Marc

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Earlier this year my sister in law, a lovely woman with two kids and a dog who jumps atop tables, took in a foreign exchange student with no place to live.

The kid was a high school senior from Thailand, and Leah (my sis in law) felt bad for his plight: He had been in the U.S. for a good chunk of time, but something had gone wrong with his host family, and either he found a new a place to stay, or he would be sent back home. I’ve always thought what Leah did represented true, unambiguous kindness—sight unseen, she gave up a place in her home. Beautiful.

The kid stayed with Leah for several months. I don’t think he was overwhelmingly happy. Leah’s children are young, his English was spotty, she works long hours. He was certainly lonely.

Anyhow, the student eventually left for another home in Ohio. We’re Facebook friends, and yesterday we received word that he was finally returning to Thailand. And that the family in Ohio had changed his name to Marc. And that they had introduced him to Christ, and now he’s a devout Christian.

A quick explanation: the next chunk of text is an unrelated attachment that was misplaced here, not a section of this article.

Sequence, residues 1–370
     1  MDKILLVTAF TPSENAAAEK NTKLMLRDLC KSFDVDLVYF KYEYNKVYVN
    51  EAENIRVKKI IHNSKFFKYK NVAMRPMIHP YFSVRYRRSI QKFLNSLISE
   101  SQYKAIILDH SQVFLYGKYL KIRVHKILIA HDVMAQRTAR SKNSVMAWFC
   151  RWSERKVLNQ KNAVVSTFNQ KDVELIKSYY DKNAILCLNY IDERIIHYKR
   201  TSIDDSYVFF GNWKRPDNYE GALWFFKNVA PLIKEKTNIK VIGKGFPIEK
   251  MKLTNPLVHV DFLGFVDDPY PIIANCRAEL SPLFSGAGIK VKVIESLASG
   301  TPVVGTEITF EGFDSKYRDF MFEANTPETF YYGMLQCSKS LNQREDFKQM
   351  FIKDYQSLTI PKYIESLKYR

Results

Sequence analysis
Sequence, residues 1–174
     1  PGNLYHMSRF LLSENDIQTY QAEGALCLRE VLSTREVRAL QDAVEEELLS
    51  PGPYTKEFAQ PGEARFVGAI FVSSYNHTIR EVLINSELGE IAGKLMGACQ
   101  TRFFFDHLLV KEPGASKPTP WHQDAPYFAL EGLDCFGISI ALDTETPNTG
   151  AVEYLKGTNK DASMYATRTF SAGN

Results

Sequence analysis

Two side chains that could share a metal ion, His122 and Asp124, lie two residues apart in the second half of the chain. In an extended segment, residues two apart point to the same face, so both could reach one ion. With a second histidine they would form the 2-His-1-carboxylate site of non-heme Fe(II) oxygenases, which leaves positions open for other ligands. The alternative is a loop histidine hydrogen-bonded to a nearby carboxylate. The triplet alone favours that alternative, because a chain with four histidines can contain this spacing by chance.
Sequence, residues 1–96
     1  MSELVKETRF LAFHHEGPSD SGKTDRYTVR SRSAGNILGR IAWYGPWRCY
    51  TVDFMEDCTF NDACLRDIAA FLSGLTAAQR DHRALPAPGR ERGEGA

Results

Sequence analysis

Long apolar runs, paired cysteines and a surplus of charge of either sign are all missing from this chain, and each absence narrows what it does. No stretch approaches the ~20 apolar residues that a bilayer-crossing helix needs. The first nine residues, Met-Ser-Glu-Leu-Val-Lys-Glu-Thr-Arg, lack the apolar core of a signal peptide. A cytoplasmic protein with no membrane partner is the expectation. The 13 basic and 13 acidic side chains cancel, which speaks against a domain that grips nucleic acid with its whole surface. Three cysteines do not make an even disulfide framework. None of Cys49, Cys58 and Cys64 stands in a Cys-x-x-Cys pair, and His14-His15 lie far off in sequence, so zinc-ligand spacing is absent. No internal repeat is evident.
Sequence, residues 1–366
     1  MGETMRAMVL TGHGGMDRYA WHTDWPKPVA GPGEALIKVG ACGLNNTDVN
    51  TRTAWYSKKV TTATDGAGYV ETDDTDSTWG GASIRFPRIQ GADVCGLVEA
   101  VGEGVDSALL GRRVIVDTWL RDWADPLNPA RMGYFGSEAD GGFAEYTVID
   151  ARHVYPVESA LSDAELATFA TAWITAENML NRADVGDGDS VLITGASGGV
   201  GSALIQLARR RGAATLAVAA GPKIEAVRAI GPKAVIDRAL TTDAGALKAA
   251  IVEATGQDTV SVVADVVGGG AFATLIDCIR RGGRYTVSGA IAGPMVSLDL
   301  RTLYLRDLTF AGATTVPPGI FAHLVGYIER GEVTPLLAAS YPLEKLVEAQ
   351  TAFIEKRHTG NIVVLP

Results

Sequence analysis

Oy.

On the one hand, I don’t care. Whatever is whatever. But on the other hand—Marc?! The kid’s new name is Marc? That’s the best they could do? Were I to have an exchange student living in my home, and his English is mediocre, I’m changing his name to Tollbooth. Or Malikyoba. Or Freddiegotfingered. Something creative and cool. Furthermore, the whole Christian conversion thing … well, no good. I don’t care if it’s a Christian conversion, a Jewish conversion, a Muslim conversion—an 18-year-old kid away from home, half-adequate in the language, head spinning, should not be indoctrinated. Really, he shouldn’t. Why? Because he can’t possibly know better. He’s a kid. In a foreign land. Shuffled from one home to another. Suddenly surrounded by happy happy!

Again, it’s one of my problems with the whole recruitment element of organized religion. You rarely hear of some Harvard Ph.D being sold on religion, or a construction worker with three kids and a mortgage in Pittsburgh. It’s always the poor and vulnerable; the exchange student from Thailand; washed-out celebrities like Hammer and Tiffany. The sell is that your life is incomplete … that your life will get better … that we have the answer, and you can, too!